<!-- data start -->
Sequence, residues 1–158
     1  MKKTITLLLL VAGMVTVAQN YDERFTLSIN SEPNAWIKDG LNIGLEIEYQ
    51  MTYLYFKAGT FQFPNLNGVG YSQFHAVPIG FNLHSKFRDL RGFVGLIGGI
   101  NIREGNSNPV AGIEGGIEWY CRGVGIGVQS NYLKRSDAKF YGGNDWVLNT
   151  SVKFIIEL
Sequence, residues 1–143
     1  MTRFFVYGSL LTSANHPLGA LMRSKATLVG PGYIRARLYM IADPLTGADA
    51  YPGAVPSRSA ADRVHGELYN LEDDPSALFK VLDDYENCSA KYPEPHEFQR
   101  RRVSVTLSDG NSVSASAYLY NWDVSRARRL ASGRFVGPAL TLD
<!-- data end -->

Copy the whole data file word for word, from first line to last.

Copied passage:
Sequence, residues 1–158
     1  MKKTITLLLL VAGMVTVAQN YDERFTLSIN SEPNAWIKDG LNIGLEIEYQ
    51  MTYLYFKAGT FQFPNLNGVG YSQFHAVPIG FNLHSKFRDL RGFVGLIGGI
   101  NIREGNSNPV AGIEGGIEWY CRGVGIGVQS NYLKRSDAKF YGGNDWVLNT
   151  SVKFIIEL
Sequence, residues 1–143
     1  MTRFFVYGSL LTSANHPLGA LMRSKATLVG PGYIRARLYM IADPLTGADA
    51  YPGAVPSRSA ADRVHGELYN LEDDPSALFK VLDDYENCSA KYPEPHEFQR
   101  RRVSVTLSDG NSVSASAYLY NWDVSRARRL ASGRFVGPAL TLD